SEO (Search Engine Optimization) is seen as an offshoot of SEM (Search Engine Marketing), while SEM includes ranking optimization tactics on paid and non-paid search engines. Under the continuous development and transformation of digital marketing, SEO and SEM are gradually separated into two separate, independent but complementary concepts.
Specifically, according to Search Engine Land, SEM is “the process of increasing website traffic by purchasing ads on search engines.” SEO, on the other day, is defined as “the process of getting traffic from natural or free search results.” This article will help you distinguish and understand the main features of these two powerful tools.
I. Key Features of SEO
SEO is the practice of constantly optimizing a website to rank in the results pages of a non-paid search engine (SERPs). Google uses more than 200 ranking signals in its algorithm. That said, SEO can be divided into 4 main sub-categories such as:
- SEO on the page
- Off-page SEO
- Technical SEO
- User interaction signals
1. SEO on the page
This is where you optimize your website around keywords that your target customers search for in Google, Bing, and other search engines. For example, a best method of SEO on a page is to include your main keyword in the title tag, meta description, and website URL.
2. SEO Off-page
Off-page SEO is all about getting reliable and authoritative signals from other sites. This mostly involves building high-quality back-to-back links to your site. But Google can also use other off-page signals to enhance your site’s authority, such as EAT and social media sharing.
3. Technical SEO
This is where you make sure that Google and other search engines can collect data and index all the pages on your site. Technical SEO also includes things like making sure your pages load quickly and your website architecture is set up correctly.
4. User engagement signals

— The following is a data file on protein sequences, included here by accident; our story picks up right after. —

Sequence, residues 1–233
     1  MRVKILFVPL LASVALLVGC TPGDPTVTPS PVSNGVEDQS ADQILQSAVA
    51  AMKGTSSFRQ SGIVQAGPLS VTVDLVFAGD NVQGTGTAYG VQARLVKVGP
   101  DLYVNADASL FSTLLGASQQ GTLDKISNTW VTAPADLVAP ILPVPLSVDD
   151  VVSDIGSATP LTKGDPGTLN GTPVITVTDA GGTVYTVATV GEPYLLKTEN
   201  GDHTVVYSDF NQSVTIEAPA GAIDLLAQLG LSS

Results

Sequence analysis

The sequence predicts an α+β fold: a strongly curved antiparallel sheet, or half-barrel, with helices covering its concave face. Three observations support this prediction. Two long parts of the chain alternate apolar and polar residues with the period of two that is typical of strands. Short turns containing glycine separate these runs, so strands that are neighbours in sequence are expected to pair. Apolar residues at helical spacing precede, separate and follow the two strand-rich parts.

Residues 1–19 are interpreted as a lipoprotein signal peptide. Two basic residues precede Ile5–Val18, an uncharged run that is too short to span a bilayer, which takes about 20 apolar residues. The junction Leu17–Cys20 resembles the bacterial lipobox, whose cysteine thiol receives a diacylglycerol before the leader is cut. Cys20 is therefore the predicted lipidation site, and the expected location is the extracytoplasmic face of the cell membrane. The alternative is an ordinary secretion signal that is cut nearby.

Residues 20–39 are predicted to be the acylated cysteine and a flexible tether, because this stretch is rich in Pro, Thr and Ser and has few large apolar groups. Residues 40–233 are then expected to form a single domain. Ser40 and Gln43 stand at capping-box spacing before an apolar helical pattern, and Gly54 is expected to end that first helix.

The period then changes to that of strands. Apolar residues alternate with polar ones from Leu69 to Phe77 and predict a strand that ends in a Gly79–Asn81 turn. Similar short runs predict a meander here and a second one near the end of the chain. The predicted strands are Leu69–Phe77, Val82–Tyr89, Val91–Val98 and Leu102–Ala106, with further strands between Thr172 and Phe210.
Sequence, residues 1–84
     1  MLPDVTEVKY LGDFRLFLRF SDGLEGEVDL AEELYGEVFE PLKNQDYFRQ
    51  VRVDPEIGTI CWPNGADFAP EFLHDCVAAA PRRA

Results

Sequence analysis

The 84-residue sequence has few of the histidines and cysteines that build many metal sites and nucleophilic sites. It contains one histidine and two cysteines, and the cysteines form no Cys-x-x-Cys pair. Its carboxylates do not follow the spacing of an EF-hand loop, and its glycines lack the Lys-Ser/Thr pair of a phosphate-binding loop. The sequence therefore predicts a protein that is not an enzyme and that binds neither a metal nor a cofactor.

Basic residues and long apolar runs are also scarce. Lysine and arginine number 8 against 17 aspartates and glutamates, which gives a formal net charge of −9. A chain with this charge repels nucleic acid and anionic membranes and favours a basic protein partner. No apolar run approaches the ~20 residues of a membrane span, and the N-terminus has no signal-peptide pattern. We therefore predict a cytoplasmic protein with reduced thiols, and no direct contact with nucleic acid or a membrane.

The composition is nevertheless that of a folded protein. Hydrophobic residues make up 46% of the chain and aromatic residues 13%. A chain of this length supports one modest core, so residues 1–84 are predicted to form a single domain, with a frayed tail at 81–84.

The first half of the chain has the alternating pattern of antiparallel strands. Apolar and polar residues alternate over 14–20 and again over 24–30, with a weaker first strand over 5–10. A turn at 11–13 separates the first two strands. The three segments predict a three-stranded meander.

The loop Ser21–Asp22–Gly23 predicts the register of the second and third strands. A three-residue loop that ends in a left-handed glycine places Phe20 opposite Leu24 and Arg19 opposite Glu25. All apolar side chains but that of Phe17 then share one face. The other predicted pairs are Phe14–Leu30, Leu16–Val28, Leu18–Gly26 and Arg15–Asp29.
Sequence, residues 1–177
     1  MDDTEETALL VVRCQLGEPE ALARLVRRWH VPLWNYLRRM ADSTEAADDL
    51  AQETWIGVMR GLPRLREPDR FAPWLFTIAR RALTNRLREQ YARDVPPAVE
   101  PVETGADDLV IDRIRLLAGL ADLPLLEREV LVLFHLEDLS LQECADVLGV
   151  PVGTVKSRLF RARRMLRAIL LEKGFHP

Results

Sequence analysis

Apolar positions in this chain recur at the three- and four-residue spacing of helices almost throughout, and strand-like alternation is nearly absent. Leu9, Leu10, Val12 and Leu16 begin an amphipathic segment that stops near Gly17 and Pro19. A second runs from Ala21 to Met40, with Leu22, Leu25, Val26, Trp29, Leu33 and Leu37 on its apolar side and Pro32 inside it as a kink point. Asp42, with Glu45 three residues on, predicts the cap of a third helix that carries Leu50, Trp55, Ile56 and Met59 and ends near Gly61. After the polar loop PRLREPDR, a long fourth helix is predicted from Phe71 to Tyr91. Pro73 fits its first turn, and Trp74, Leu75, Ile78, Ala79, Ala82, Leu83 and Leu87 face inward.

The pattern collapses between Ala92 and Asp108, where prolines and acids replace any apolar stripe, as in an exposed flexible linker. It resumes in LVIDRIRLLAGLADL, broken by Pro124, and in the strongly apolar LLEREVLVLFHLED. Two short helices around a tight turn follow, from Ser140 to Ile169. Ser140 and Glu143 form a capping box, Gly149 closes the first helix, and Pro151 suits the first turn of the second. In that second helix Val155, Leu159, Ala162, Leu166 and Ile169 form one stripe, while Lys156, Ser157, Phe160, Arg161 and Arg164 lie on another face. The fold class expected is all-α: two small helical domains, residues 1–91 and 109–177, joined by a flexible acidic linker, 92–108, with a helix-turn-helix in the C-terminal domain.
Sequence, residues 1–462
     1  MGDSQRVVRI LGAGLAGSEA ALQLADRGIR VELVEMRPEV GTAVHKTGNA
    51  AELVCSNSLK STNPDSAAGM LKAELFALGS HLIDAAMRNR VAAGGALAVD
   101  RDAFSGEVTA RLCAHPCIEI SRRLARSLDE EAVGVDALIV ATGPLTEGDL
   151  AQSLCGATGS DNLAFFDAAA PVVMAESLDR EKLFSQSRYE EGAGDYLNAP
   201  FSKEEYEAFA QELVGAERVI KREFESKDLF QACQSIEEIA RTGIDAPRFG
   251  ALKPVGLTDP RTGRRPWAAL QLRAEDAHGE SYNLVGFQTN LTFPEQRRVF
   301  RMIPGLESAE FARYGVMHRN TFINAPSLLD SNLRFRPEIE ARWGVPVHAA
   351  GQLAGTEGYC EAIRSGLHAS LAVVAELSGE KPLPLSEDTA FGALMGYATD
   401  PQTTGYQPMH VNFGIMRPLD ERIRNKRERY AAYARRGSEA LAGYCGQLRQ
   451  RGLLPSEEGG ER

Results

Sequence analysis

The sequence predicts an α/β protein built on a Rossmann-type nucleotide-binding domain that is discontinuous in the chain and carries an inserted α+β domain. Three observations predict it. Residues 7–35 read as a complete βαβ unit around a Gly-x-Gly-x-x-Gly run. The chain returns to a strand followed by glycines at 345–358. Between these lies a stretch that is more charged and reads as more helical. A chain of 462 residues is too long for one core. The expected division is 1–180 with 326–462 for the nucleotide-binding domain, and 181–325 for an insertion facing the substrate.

How users interact with your site helps Google figure out if your page is right for someone’s search. For example, if your page has a high bounce rate, it could be a sign that your page isn’t giving someone an answer to their query. And if Google considers your page to be inappropriate for that keyword, they can drop your rankings a bit or turn off the first page altogether.
II. Key Features of SEM
SEM is a high-level term that includes SEO. So everything in the article above for SEO also applies to SEM. But in addition to SEO, SEM also includes PPC. And PPC is a field that has its own features, best practices and more.
1. Bidding (Bid)
Whether you use Google Ads or Bing Ads, paid ads in search are all about Bidding. With PPC, you bid on a specific keyword. And when someone searches for that keyword, your ad will show up.
The ranking of the ads is usually proportional to how many people are bidding. So if you’re the highest bidder, you’ll appear on all other ads.
And when someone clicks on your ad, you pay whatever amount you bid for. The amount you pay when someone clicks on your ad is called cost per click (CPC).
2. Quality Score
Quality Score quality score is an extremely important Google Ads indicator. Basically, it’s Google’s way of finding out if your ad is right for anything someone is looking for.
Google calculates Quality Score based on a combination of click-through rate, landing page quality, and overall Quality Score of your Google Ad account. And if your ad has a High Quality Score, you’ll get a discount per click.
3. Ad Copy
Writing compelling copy ads is a big part of doing well with PPC. Why? Excellent copy of ads = high CTR. And CTR means Good Quality Score. That means you pay less for the same click.
The opposite is also true. If your copy doesn’t motivate people to click, then your Quality Score will suffer and your PPC will start to become super expensive.
4. Ad Groups and Account Management
The Ads and Account Management team: This is where you use the data in your Google Ads account to optimize your ad spending.
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